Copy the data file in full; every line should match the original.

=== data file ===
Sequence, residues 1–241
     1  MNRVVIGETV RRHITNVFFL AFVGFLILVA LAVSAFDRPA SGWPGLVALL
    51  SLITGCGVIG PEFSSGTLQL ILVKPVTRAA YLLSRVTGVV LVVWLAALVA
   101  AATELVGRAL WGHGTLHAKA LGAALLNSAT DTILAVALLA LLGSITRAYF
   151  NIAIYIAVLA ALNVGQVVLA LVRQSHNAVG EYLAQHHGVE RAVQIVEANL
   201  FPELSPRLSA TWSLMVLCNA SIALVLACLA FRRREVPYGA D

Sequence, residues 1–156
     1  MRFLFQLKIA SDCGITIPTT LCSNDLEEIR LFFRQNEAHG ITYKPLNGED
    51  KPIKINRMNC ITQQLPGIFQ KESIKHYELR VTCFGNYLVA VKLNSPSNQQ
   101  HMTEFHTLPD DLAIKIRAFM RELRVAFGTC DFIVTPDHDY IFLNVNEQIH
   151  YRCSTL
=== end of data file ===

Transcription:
Sequence, residues 1–241
     1  MNRVVIGETV RRHITNVFFL AFVGFLILVA LAVSAFDRPA SGWPGLVALL
    51  SLITGCGVIG PEFSSGTLQL ILVKPVTRAA YLLSRVTGVV LVVWLAALVA
   101  AATELVGRAL WGHGTLHAKA LGAALLNSAT DTILAVALLA LLGSITRAYF
   151  NIAIYIAVLA ALNVGQVVLA LVRQSHNAVG EYLAQHHGVE RAVQIVEANL
   201  FPELSPRLSA TWSLMVLCNA SIALVLACLA FRRREVPYGA D

Sequence, residues 1–156
     1  MRFLFQLKIA SDCGITIPTT LCSNDLEEIR LFFRQNEAHG ITYKPLNGED
    51  KPIKINRMNC ITQQLPGIFQ KESIKHYELR VTCFGNYLVA VKLNSPSNQQ
   101  HMTEFHTLPD DLAIKIRAFM RELRVAFGTC DFIVTPDHDY IFLNVNEQIH
   151  YRCSTL